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Washington State Court Rules Against Florist



Florist to appeal decision to United States Supreme Court

In a unanimous decision, the Washington Supreme Court affirmed a lower court’s ruling that florist Barronelle Stutzman had engaged in unlawful discrimination under the Washington Law Against Discrimination (WLAD) when she refused to create a flower arrangement for a same-sex wedding. The lower court previously ordered Stutzman to pay a penalty as well as legal fees. Following the Washington Supreme Court’s decision, Stutzman’s attorneys from the Alliance Defending Freedom have said they will appeal the decision to the U.S. Supreme Court.

In 2013, Stutzman refused to create a flower arrangement for a customer who requested that she make them for his same-sex marriage ceremony. She provided the names of several other local florists who would make an arrangement and claims that she and the customer, Rob Ingersoll, “seemed to part as friends.” Ingersoll and the State of Washington both filed suits against her alleging unlawful discrimination.

The original lawsuit, Ingersoll v. Arlene’s Flowers, was filed in October 2013. Ingersoll and his partner Curt Freed were represented by the American Civil Liberties Union while the Alliance Defending Freedom provided a legal defense team for Stutzman. The State then filed a consumer protection lawsuit against Stutzman for violating the Washington Consumer Protection Act. Both lawsuits offered non-judicial settlement; however, they both required Stutzman to agree to supply flowers for same-sex marriages in the future, something she refused to do.

Stutzman argued that her refusal was protected by her First Amendment rights to free exercise of religion and free speech. In a statement, ADF Senior Counsel Kristen Waggoner, Stutzman’s lawyer, argued that “No one would expect a Muslim journalist to write a piece for a religious journal that attacked Mohammed; no one would expect an Orthodox Jewish artist to create a mural for a religious customer that contradicted the Torah’s teachings. Nor should Barronelle be forced to create custom expression celebrating a same-sex wedding.”

The Court rejected her religious freedom claim, ruling that providing flowers for a same-sex marriage does not constitute an endorsement of such a marriage and, therefore, is not protected as free exercise of religion. Stutzman claimed that because her arrangements were custom made for the occasion, they should be considered speech. She said that she would be willing to provide flowers or premade arrangements for a same-sex wedding ceremony, but draws the line at custom arrangements, as they are artistic expressions. Furthermore, she insisted that she had happily sold flowers to Ingersoll, including when she knew they were as gifts for his partner, for almost a decade and would continue to do so in the future.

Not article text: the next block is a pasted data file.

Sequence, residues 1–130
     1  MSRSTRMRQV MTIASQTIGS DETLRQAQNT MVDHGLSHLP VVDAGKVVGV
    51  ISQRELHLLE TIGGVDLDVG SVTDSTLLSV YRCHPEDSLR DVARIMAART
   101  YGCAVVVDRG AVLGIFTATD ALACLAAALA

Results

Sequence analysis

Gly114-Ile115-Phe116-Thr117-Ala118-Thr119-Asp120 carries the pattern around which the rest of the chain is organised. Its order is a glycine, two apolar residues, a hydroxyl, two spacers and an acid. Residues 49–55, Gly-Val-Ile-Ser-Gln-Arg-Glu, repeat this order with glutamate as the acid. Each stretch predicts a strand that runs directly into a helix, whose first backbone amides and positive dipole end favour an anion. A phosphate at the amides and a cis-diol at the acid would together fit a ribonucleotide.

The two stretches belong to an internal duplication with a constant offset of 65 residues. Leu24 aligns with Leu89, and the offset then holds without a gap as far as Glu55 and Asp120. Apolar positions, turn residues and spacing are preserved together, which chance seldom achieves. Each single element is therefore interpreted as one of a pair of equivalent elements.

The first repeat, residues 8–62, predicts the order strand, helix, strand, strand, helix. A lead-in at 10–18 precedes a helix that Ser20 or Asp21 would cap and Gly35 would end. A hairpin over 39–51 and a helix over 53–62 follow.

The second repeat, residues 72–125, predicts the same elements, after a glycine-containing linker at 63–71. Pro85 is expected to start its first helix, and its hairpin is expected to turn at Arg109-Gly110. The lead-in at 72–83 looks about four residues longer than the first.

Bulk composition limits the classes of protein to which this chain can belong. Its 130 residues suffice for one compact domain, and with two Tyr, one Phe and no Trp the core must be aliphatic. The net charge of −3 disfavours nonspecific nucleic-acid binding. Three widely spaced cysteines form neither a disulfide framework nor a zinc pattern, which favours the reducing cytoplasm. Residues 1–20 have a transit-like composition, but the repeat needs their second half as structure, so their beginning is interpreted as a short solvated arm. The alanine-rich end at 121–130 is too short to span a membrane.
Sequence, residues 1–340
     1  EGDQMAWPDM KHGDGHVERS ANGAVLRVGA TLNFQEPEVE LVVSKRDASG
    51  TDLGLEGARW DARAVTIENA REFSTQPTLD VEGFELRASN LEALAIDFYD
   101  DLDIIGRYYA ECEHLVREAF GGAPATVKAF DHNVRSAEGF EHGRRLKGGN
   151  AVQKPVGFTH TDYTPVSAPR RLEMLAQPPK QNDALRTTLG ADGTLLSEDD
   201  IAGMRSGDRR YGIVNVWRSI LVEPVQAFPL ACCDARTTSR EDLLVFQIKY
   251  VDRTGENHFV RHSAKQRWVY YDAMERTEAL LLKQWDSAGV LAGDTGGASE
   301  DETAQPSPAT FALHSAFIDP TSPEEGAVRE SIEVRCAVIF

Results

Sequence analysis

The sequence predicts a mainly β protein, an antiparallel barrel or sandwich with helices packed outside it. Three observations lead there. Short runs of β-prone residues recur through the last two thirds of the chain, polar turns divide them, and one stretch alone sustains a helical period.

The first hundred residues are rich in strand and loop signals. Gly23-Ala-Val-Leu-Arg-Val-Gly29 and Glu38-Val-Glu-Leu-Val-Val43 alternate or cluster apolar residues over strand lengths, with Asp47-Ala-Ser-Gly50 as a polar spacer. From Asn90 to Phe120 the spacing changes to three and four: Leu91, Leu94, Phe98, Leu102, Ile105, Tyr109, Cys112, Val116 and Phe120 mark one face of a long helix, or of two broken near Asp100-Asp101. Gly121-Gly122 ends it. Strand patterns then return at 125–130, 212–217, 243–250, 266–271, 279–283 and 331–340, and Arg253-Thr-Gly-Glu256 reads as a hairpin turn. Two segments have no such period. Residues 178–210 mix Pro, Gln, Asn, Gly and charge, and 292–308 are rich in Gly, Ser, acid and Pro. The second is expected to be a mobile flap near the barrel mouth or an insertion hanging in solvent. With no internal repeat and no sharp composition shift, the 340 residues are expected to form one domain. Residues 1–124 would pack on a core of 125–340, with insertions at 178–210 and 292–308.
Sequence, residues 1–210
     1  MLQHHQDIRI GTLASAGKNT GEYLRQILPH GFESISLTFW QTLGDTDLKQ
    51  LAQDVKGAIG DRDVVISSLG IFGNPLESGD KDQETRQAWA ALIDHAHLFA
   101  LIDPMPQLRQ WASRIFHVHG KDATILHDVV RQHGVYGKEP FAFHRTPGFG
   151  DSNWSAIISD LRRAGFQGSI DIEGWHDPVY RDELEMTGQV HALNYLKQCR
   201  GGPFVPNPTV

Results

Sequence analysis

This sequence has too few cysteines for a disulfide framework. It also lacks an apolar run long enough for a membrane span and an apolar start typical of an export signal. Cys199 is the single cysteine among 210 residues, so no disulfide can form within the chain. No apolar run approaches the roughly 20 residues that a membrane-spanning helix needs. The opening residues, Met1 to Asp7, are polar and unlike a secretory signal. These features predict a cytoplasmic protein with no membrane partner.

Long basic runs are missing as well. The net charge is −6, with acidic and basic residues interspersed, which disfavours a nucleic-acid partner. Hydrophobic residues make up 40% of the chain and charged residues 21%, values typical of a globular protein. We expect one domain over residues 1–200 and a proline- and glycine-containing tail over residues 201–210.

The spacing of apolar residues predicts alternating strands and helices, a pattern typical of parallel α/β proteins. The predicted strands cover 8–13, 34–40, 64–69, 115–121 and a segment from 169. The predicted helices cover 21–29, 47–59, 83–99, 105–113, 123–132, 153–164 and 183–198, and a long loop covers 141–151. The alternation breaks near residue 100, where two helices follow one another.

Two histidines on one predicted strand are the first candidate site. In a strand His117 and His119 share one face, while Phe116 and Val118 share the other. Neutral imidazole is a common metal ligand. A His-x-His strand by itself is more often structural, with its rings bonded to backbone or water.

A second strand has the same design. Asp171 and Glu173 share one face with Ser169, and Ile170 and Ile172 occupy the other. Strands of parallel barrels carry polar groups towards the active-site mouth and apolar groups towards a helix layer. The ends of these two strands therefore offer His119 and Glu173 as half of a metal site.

Regarding Stutzman’s free speech defense, the Court ruled that providing or not providing flower arrangements does not “inherently express a message about that wedding” and therefore should not be treated as free speech. The Court held that granting that exception would eat away from the effectiveness of public accommodation laws. The Court, quoting an amicus curiae brief filed by the Americans United for Separation of Church and State organization, wrote that allowing Stutzman only to offer premade flower arrangements would “create a ‘two-tiered system’ that carves out an enormous hole from public accommodations laws: under such a system, a ‘dime-store lunch counter would be required to serve interracial couples but an upscale bistro could turn them away.’”

Several students responded to inquiries from the Rover regarding the results of the case. Junior Patrick Koehr disagreed with the Court’s ruling, saying, “There is a fundamental difference between discrimination against an individual and not approving of a certain action that goes against a belief they hold. If we are to truly have diversity in this country, we must demand each person to stand for what they believe to be the truth, while being respectful of all others.”

Koehr continued, “Sometimes this can cause difficult situations where we must refuse to participate in an activity that we believe to be harmful. Stutzman enacted this in the most respectful and loving way she was able.”

Freshman Aidan McDonald also disagreed with the Court’s ruling, arguing, “It’s not as though Stutzman is refusing to serve gay people—those she is serving are not allowing her to disagree with secular moral imperatives, and the state of Washington is aiding and abetting this violation of her rights.”

Freshman Lito Michael Moroña, however, supported the Court’s decision, commenting that Stutzman should “just sell them the flowers because it’s discrimination not to, and it’s basically like what they did to black people not too long ago.”

Freshman Lily Arp also supported the Court’s decision, claiming, “If you can’t discriminate based on gender or ethnicity, why should sexual orientation be any different?”

Ingersoll v. Arlene’s Flowers joins several other similar cases, including Masterpiece Cakeshop v. Colorado Civil Rights Commission, which involves a Colorado baker who refused to bake a cake for a same-sex wedding. These cases are being appealed to the U.S. Supreme Court, where religious freedom will likely be a key part of the upcoming session.

Kevin Angell is a freshman studying economics and political science with intended minors in computing and digital technologies and theology. On campus, he is a Sorin Fellow at the Center for Ethics and Culture as well as an active member of the Knights of Columbus. He strongly believes in the importance of providing accurate and timely coverage of events relevant to the Notre Dame community. Contact him with questions, comments, and reactions at kangell@nd.edu.

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